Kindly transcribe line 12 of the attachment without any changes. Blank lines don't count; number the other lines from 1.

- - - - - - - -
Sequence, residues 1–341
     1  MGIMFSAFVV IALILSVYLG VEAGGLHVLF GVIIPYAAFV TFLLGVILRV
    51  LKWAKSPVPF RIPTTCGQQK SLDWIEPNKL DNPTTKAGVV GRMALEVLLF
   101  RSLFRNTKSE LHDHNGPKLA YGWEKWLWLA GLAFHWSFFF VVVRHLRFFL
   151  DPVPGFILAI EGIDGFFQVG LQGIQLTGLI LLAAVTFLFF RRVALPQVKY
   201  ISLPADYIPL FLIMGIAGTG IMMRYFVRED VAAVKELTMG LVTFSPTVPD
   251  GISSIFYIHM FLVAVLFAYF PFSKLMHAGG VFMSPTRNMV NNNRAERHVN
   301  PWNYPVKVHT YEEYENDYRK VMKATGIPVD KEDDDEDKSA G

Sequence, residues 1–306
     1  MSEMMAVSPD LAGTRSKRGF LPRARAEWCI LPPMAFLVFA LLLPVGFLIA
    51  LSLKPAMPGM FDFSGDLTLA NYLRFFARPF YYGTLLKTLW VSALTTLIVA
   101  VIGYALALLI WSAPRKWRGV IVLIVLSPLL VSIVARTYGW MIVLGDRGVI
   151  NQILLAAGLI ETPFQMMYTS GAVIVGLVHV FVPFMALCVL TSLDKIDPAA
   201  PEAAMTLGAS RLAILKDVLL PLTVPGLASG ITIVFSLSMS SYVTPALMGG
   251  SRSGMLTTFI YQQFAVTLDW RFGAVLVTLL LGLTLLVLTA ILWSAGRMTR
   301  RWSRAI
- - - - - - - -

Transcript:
   101  VIGYALALLI WSAPRKWRGV IVLIVLSPLL VSIVARTYGW MIVLGDRGVI